by SS Shiva Singh Khalsa, Chicago IL
The wind merges into the wind. The light blends into the light. The dust becomes one with the dust. What support is there for the one who is lamenting? Who has died? Oh, who has died? Meet together with the God-realized and inquire into this. What a wondrous thing has happened! No one knows what happens after death. The one who is lamenting will also arise and depart. Mortal beings are bound by the bonds of doubt and attachment.
When life becomes a dream, the blind man babbles and grieves in vain. The Creator Being created this creation. It comes and goes, subject to the Divine Will. No one dies; no one is capable of dying. The Soul does not perish; it is imperishable. That which is known, does not exist. I am a sacrifice to the one who knows this. Says Nanak, the Guru has dispelled my doubt. No one dies; no one comes or goes.—Ramkali, Fifth Guru (Siri Guru Granth Sahib pg. 885)
On Sunday morning, August 5th, 2012, sangat members were cooking langar at the Gurdwara in Oak Creek, Wisconsin. Tragically, a deranged man opened fire, killing six innocent people and wounding three others, including a heroic police officer.
The response from Sikhs and others worldwide to this tragedy has been inspiring. Prayer vigils took place all over North America with civic and interfaith leaders showing their support. My wife and I helped to organize vigils at Gurdwaras in Chicago and Wheaton, Illinois. On the way to attend the press conference in Oak Creek, I passed a huge American flag at half-mast and at that moment, the enormity of the deaths hit me and I wept; tears streamed down my face.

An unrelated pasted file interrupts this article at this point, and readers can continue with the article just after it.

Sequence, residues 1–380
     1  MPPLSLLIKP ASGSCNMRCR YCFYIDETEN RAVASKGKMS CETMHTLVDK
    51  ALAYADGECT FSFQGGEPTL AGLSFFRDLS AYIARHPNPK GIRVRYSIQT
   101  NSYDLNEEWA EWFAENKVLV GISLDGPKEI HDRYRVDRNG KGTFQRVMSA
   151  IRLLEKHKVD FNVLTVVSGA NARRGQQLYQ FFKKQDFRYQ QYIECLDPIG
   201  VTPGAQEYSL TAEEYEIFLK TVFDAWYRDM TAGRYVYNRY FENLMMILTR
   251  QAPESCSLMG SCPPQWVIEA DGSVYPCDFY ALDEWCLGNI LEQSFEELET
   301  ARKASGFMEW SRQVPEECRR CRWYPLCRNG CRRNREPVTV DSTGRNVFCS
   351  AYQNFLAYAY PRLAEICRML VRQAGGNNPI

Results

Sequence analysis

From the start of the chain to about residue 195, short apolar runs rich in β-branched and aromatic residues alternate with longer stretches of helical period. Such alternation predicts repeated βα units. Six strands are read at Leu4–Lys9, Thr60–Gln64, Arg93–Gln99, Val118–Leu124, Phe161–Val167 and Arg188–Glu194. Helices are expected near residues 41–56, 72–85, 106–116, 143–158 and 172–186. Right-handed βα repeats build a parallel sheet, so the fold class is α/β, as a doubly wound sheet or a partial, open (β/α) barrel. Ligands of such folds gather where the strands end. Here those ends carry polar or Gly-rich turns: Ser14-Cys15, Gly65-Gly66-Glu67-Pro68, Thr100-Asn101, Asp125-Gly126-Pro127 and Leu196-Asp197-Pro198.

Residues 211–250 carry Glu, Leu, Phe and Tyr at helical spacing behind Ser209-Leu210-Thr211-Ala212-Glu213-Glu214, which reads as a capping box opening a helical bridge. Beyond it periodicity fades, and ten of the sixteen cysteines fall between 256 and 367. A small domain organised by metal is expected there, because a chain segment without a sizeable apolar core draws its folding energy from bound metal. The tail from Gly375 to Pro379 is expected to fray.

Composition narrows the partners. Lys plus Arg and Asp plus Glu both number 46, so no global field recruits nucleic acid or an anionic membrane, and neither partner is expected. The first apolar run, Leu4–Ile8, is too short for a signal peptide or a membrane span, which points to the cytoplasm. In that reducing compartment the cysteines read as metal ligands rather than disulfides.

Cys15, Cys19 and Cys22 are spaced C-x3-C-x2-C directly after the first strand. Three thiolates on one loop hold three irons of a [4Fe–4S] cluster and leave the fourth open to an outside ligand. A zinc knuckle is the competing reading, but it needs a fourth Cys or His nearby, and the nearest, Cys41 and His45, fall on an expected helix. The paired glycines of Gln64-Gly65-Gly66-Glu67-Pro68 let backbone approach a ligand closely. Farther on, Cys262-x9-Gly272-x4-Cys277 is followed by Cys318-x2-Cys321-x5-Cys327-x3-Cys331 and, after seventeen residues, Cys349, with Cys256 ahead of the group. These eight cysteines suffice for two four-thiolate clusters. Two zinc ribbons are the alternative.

My wife, Shabad Kaur, shared her experience of the memorial in Oak Creek in an article she wrote for YogaChicago magazine: “We attended the funeral for those killed six days before. It was such a beautiful and graceful event. I couldn’t stop crying.
“The most poignant moment for me was when Prakash Singh’s 11-year-old son didn’t want to leave the side of his father’s casket when the families were called up to speak.
“Prakash Singh had just brought his wife and children from India to join him six weeks previously after a seven-year separation! After the funeral we went to the Gurdwara which had been lovingly restored by the sangat (the congregation).”
Those Sikhs killed were people of humility and divine service, who had arrived early that day to do seva and they departed from their bodies in the Guru’s Court. May we always remember them, and may all their souls ferry across the ethers to merge with the Divine.
Wahe Guru ji ka Khalsa Wahe Guru ji ki Fateh!
About the Author
SS Shiva Singh Khalsa is an ordained Sikh Dharma Minister recognized for his community service in the Chicago area and global interfaith. He helped found the groundbreaking Rogers Park Inter-Religious Partners, a group of 20 faith traditions in the Chicago area working to increase the harmony, trust, and community in their neighborhood. He was a key organizer of Sikh participation in the 1993 Parliament of the World’s Religions in Chicago and traveled with Yogi Bhajan in 1999 to the Parliament in South Africa. Shiva Singh is co-director of Spirit Rising Foundation, with his wife Shabad Kaur Khalsa, where they teach Kundalini yoga in the tradition of Yogi Bhajan®.